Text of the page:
Hire Ratio

If a team consists 20 members in which 20% are mathematician then how many member should they hire sothat the ratio would become 10/11.

Questions by manu42

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  • Aug 29th, 2010

Please correct me if I got something wrong along the way.
Initially we got 4 math guys and 16 others. Ratio is 1/4 20, in total.

The minimum numbers of math guys and others to give us the ratio of 10/11 are 10 math guys and 11 others.
But we already have 16. so we multiply the ratio by 2, which means that we have
to have 20 math guys and 22 others in order to have the ratio of 10/11.

42-20 = 22

so we need to hire (20-4) 16 math guys

and (22-16) 6 others.

I'd really appreciate if you correct me here..


This is how I interpret the question { please correct me if I'm wrong =) }:

There are 20 members = 80% non-mathematician (16) /  20%  mathematician (4)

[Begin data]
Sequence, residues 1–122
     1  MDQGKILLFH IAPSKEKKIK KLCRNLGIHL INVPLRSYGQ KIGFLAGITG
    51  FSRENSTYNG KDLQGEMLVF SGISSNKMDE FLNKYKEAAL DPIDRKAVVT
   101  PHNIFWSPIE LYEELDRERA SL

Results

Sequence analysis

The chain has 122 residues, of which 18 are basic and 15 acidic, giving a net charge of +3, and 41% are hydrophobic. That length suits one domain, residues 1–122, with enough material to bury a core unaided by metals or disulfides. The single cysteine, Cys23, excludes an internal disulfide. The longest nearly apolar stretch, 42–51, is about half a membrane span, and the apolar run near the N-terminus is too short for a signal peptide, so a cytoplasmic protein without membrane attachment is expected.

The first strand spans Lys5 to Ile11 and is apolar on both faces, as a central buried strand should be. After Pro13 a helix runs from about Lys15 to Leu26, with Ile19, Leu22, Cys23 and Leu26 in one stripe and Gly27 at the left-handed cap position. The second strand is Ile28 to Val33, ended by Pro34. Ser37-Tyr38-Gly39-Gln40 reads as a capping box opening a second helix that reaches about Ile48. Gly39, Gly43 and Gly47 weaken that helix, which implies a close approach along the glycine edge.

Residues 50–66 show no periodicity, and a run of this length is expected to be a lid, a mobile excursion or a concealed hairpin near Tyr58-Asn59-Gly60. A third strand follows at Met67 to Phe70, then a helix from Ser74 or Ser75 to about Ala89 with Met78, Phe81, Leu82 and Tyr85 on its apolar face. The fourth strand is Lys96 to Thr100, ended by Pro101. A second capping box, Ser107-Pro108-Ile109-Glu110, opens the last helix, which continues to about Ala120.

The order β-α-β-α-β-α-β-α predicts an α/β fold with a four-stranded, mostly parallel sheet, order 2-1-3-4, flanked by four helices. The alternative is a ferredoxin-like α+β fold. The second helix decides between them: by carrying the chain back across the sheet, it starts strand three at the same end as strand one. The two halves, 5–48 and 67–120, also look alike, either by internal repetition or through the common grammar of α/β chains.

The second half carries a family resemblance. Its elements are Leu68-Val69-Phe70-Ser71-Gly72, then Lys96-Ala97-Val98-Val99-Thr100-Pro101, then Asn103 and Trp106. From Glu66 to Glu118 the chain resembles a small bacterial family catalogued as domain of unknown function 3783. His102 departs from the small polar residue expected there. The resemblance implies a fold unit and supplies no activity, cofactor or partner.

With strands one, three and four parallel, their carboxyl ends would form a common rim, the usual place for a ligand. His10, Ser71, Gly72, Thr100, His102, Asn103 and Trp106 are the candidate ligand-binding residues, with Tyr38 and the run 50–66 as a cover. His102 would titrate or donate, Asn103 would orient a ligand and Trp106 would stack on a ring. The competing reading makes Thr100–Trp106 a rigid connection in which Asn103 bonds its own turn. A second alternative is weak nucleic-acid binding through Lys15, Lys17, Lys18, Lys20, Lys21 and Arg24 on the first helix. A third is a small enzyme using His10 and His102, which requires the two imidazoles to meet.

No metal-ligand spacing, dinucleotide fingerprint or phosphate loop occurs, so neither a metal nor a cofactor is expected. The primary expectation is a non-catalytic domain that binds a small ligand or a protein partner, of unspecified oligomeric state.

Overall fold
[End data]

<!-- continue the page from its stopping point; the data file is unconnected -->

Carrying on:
They need to hire more, so the ratio will be 10/11 or 91% (r.) mathematican
 from the previous 20%;  so the new ratio now is:

91% mathematician....  9% non-mathematician... So here it goes:

the number of non-mathematician stays the same - still 16, so we need to get the new total number of members to get the ratio of 10/11,
                 16 non-mathematician / 9%  =             178 (r.) new total no. of members
         less: current non- mathematician members    16
                 new no. of mathematician members     162
         less: current mathematician members              4
         no. of mathematician members to hire          158  

 to check:   162 mathematician/ 178 total new members = 91% 

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  • Nov 1st, 2011

ratio of mathematician should be 10/11

so, set a number of hire as X.


X is 156

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  • Nov 26th, 2012

20% of 20=4
so 4 maths guys out of 20
now incresae in maths guys means increase in total take
solve 156 is the ans

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